The Invercargill-Kumagaya sister city relationship was sparked in 1988 by businessmen keen to form trading links with the city, which has a population of more than 200,000 and which is about 60km from central Tokyo.
There are similarities with Invercargill: it is an agricultural town, with open spaces, mountains in the background and friendly, conservative, rugby-loving people. The businessmen found that for a sister city relationship to be established they needed the endorsement of the Council and in 1991 the then Mayor, the late Eve Poole, visited Kumagaya. The sister city agreement was signed in 1993.
In 2003, 10 years after the official signing, the Mayors of Invercargill and Kumagaya made reciprocal visits to each other’s cities to re-sign the sister city agreement. During the year-long celebrations groups of students, teachers, citizens and Councillors from both cities made exchange visits.
Kumagaya has taken its place on the iconic signpost at Stirling Point in the port town of Bluff. Japanese visitors can be forgiven for feeling a little homesick when they check the signpost – and find they are 9632km from home!
The 2017 Sister Cities New Zealand Conference will be held in Invercargill from 4 May – 6 May. All the details, including a registration form, are available in this section of the ICC website.
Invercargill Mayor Tim Shadbolt with Kumagaya students Kaori Yoshimura (centre) and Miharu Yamaguchi at a mayoral reception in the Council Chamber for 40 students from two Kumagaya high schools.
The visiting students were also made welcome by Councillors, the President of the Kumagaya Friendship Association, youth councillors, staff and representives from host schools James Hargest College and Southland Girls’ High School.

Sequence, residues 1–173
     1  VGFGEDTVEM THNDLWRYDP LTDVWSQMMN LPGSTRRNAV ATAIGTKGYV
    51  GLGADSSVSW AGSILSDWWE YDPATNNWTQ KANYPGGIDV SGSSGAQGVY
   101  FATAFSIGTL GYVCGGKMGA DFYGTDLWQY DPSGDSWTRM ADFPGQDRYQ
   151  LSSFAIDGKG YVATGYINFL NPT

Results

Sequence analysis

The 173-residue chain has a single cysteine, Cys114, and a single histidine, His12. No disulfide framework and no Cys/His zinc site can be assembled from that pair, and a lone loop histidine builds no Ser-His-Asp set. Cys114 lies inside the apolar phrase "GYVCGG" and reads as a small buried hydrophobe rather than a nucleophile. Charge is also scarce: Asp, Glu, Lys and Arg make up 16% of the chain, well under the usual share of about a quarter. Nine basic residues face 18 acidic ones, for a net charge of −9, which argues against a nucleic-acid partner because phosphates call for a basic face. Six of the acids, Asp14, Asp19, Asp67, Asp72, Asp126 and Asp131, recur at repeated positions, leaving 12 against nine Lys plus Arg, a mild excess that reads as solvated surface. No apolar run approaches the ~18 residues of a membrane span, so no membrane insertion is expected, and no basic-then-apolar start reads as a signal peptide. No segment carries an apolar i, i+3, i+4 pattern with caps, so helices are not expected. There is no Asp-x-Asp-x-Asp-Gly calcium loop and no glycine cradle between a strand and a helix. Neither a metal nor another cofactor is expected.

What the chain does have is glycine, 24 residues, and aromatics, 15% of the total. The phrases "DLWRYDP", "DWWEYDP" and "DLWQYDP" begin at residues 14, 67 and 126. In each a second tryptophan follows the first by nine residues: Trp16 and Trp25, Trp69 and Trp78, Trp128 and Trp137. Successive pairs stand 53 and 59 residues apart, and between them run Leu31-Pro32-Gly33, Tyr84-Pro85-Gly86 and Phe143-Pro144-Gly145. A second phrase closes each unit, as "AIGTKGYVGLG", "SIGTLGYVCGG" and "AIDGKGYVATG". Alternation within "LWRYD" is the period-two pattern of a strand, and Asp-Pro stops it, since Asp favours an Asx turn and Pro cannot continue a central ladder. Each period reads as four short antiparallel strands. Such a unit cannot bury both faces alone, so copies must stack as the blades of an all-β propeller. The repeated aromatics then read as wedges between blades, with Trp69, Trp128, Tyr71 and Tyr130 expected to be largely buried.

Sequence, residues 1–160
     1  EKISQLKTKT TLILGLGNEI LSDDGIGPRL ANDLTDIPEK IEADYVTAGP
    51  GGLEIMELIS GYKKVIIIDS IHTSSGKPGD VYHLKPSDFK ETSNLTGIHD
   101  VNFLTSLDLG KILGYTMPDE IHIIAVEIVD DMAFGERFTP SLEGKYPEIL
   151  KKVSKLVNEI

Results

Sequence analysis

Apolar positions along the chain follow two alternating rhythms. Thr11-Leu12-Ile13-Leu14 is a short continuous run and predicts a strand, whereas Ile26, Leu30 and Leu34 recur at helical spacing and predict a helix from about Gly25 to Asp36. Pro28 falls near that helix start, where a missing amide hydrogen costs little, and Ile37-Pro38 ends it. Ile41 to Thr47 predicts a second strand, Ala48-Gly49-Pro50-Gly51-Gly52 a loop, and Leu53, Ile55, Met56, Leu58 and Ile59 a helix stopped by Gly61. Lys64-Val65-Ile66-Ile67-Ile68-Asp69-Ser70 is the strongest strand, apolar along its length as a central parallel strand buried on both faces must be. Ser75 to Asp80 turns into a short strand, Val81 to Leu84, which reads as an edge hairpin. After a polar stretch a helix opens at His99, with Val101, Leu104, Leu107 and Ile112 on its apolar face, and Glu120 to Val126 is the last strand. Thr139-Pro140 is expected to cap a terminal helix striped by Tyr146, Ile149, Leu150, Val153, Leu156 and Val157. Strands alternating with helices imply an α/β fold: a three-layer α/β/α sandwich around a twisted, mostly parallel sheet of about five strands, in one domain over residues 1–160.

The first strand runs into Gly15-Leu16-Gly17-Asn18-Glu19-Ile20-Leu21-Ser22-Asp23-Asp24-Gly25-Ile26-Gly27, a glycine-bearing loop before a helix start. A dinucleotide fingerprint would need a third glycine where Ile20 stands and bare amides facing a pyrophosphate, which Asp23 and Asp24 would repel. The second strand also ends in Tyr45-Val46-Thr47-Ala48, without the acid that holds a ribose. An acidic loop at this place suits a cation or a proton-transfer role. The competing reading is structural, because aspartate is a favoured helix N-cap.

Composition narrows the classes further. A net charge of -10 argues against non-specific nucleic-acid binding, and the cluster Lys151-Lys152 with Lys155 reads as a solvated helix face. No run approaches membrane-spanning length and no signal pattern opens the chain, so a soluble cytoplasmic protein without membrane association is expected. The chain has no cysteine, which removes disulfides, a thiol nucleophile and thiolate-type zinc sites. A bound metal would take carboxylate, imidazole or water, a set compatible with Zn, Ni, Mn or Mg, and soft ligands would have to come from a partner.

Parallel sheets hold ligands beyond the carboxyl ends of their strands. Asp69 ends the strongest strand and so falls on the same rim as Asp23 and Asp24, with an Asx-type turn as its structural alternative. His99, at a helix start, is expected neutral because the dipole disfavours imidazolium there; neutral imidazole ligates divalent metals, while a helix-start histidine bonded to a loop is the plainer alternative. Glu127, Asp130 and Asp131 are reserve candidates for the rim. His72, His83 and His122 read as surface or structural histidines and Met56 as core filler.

Kumagaya Friendship Association
Invercargill’s Kumagaya Friendship Association was formed in February 2004. The organisation includes representatives of businesses, community organisations and members of the public with an interest in Kumagaya. The association, currently chaired by Invercargill shipping agent Tom Sawyer, produces a regular newsletter (Nyuusu).
Kumagaya influence on Invercargill
The Kumagaya influence on Invercargill can be seen at several places about the city: Queens Park has a Japanese Garden which includes a cherry tree donated by the Kumagaya International Friendship Society. The Gala Street Reserve has the Kumagaya City symbol depicted in box hedging and white quartz gravel.
The Kumagaya City symbol has also been incorporated into the decor of the Council’s Civic Administration Building in Esk Street. Two “Pacific Rim” sculptures were created by local artist Phil Newbury to celebrate the tenth anniversary of the cities’ relationship. One stands outside the Civic Adminstration Building; treet; the other is at City Hall in Kumagaya. And gifts from the City of Kumagaya to the City of Invercargill are on display outside the Council Chamber in the Civic Administration Building.